The power of music is undeniable. Both listening to music and playing it yourself can bring intense joy, reduce stress, help us focus on the present moment, and relieve anxiety or insomnia. You may notice that these are also some of the key benefits of meditation. The powerful surges of energy and feeling that happen when listening to music have a lot in common with meditation’s goal of expanding sensual and emotional experience. So why do some experienced meditators say you shouldn’t listen to music while practising?
Is it possible to meditate while listening to music?
Traditionally speaking, the idea of listening to music during meditation would be out of the question. This is a very modern idea that has no origin in Zen Buddhism or other early forms of meditation. Generally, meditation would be an extremely quiet practice, and incorporating music might get in the way of some people’s idea of “true meditation”.
However, this isn’t to say that meditating with background music or noise isn’t possible, or that it has no links with traditional practice. The earliest meditation sessions would have taken place outside, where natural sounds were unavoidable. In fact, part of being in the present moment is about listening to, embracing and accepting all the things you can hear and feel around you, and trying not to get frustrated by external noise.
One of the ways we can involve music in our practice of meditation is by considering where we anchor our attention. Mindfulness meditation often uses the breath as the anchor; however, music can represent an alternative anchor. By focusing on particular elements of the music we are listening to and bringing our attention back to these sounds each time our minds wander, we can make musical accompaniment a useful addition to our sessions.
So, what is there to gain from meditating with music? Ultimately, it comes down to the individual, as all experiences of meditation do. Let’s take a look at the potential advantages and disadvantages of incorporating music into your meditation practice.
What are the benefits of listening to music while meditating?
There are a wide range of benefits people associate with listening to music while meditating. The fact that popular meditation apps such as Headspace and Breethe have dedicated areas for music listening highlights the potential positive effects of background music. Here, we’ll consider some of the advantages cited most often.
Listening to soft, calming music during meditation can seriously reduce your stress levels. It’s vital that we all look after our mental health, and cultivating emotional balance and a calm mind is a key part of that. Music can help produce a meditative mental state, which is proven to provide stress relief and lower blood pressure.
One popular goal of meditation is insight, something that we all know music is capable of providing. Listening to music while you practise allows you to consider your relationship with that music as a means of self-discovery. Insight can turn an ordinary experience into a profoundly satisfying one, by opening you up to how your conscious mind operates.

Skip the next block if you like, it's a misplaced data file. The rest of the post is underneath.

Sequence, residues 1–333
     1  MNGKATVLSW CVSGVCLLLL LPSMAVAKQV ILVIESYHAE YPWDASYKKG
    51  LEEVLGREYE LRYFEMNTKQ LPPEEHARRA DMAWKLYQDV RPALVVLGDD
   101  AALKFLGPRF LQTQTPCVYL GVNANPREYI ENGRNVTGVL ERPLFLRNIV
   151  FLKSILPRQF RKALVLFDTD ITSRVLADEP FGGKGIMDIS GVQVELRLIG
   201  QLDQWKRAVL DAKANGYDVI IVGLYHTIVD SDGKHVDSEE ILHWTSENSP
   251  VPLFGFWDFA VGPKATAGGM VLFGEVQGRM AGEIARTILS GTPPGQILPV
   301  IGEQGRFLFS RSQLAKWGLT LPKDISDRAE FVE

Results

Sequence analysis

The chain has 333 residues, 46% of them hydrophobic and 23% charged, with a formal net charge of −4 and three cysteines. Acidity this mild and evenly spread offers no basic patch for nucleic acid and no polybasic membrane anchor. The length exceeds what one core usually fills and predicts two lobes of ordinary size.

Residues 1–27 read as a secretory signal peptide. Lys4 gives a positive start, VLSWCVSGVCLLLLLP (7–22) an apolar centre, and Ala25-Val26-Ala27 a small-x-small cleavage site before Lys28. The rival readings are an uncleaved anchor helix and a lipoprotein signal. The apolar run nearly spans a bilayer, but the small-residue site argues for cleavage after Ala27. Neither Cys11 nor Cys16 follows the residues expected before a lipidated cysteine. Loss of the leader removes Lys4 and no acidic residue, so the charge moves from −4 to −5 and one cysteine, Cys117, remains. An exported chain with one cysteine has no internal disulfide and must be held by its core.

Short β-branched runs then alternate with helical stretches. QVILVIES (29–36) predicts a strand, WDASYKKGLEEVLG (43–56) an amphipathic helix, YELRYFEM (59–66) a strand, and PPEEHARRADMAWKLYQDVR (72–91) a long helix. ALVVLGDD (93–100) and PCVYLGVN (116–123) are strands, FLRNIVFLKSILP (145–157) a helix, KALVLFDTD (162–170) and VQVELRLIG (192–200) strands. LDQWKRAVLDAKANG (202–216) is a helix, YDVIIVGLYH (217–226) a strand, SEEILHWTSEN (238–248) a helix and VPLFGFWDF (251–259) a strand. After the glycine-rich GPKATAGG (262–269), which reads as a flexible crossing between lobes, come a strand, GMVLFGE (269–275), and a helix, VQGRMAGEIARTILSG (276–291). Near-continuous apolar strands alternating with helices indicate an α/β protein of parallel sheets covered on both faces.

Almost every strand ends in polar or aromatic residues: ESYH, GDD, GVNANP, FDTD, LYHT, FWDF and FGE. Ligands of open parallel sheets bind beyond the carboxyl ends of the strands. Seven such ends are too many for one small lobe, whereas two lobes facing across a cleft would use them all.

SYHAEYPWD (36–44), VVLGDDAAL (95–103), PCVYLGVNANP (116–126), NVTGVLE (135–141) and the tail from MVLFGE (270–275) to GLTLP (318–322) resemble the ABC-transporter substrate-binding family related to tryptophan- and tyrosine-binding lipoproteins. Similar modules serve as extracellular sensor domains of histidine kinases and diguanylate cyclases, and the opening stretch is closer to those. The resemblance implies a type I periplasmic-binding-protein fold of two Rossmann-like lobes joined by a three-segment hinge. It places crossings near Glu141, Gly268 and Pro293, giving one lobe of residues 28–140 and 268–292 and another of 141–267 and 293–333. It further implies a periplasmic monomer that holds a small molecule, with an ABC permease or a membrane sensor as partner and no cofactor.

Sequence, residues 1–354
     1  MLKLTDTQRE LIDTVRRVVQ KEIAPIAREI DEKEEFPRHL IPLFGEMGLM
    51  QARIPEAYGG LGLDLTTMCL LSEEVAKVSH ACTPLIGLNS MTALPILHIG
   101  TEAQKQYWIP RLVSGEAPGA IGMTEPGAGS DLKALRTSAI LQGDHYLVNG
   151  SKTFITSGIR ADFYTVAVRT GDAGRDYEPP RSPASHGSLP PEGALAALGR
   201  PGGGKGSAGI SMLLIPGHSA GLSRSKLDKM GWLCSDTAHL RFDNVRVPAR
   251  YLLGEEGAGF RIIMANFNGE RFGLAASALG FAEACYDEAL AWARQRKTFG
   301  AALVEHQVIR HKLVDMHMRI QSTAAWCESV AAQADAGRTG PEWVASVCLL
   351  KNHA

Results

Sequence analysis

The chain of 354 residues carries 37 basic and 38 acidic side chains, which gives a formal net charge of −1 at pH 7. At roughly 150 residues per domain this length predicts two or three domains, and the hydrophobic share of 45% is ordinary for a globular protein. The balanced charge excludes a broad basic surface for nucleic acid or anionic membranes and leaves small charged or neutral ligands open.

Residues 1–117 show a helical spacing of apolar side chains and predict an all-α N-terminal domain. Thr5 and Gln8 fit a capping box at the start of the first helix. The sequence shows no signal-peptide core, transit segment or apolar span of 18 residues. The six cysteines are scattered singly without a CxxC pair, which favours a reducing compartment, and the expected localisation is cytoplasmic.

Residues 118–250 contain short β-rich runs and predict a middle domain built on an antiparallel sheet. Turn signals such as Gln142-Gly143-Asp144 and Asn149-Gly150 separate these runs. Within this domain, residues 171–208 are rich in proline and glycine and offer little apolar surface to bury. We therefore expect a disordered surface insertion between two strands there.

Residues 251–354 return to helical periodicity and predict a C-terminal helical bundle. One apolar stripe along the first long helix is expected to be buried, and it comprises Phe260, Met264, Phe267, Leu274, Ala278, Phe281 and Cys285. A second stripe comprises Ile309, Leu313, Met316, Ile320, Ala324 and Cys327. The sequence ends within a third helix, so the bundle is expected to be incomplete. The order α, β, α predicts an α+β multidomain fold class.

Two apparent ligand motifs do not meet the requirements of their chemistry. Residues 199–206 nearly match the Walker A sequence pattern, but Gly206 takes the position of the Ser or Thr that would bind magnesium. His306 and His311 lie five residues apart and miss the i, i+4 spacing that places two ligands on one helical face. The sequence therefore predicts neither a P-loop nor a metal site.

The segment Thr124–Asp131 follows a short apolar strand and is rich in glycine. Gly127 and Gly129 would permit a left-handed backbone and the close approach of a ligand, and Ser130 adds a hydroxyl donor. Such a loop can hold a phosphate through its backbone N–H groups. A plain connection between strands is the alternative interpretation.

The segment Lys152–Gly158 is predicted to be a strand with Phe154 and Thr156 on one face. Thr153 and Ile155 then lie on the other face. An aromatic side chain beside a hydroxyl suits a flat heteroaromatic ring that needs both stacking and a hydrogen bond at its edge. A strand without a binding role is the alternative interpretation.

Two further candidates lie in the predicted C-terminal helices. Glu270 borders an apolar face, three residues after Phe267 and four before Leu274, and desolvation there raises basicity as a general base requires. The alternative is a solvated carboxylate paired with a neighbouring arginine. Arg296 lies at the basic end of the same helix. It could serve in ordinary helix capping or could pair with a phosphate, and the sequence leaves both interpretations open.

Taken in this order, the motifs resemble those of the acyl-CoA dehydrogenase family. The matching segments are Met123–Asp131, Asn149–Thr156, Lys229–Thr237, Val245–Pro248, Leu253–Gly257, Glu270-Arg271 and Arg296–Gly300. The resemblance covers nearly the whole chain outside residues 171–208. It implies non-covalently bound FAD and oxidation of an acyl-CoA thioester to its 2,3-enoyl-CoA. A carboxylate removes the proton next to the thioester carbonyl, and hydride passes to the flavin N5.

Increased focus on the present moment
Neuroscience shows that listening to music has similar effects to meditation. It’s impossible to fully access and interpret a song without listening closely for its entire duration. This focus on the present moment contains strong parallels with the fundamental principles of mindfulness meditation.
Resist negative mind-wandering
One of the benefits of music is that it helps us combat the negative effects of the default mode network, which causes us to worry and ruminate on the past and future, rather than the present. Scientific research has shown that while music activates the waking rest state of the default mode network, it sucks us in fully, and stops us from experiencing negative mind-wandering. This can help us achieve greater peace of mind.
Which meditation styles can you practise with music?
Is listening to music while meditating a good idea? The answer often depends on what type of meditation you’re practising. Some styles of meditation involve listening to an audio recording, while others require complete silence. On the other hand, some types of practice can benefit from the kind of external stimulation that music provides.
There are certain types of meditation you should avoid incorporating music into. Mantra Meditation, for instance, requires the vocal repetition of a mantra, something that may be difficult with the added distraction of music. Similarly, guided meditation, in which you listen to the notes and instructions of a meditation leader, doesn’t exactly lend itself to pumping out your favourite tunes.
However, some practices can work well with musical accompaniment. Incorporating music into unguided mindfulness meditation can give you greater access to your thoughts and sensations during practice. Our article on why meditation is more than just relaxation highlights the importance of gaining insight into ourselves and others – and what in life provides better insight than music? Another practice which background music can work well with is Movement meditation, which allows you to be mindful of bodily motions and postures. Try turning on some calming, sensual music, closing your eyes and allowing yourself to move freely, noting your experiences and how you feel after. This can be an ideal combination of music and meditation.
What should I listen to when meditating?
Because of how varying our experiences of music are, the types of music which can aid meditation are highly subjective. For some people, upbeat music like Motown or house might sound like the worst idea ever during meditation, but for others, it could be perfect for amplifying one’s sense of concentration. Ultimately, you need to be doing whatever encourages or supports you.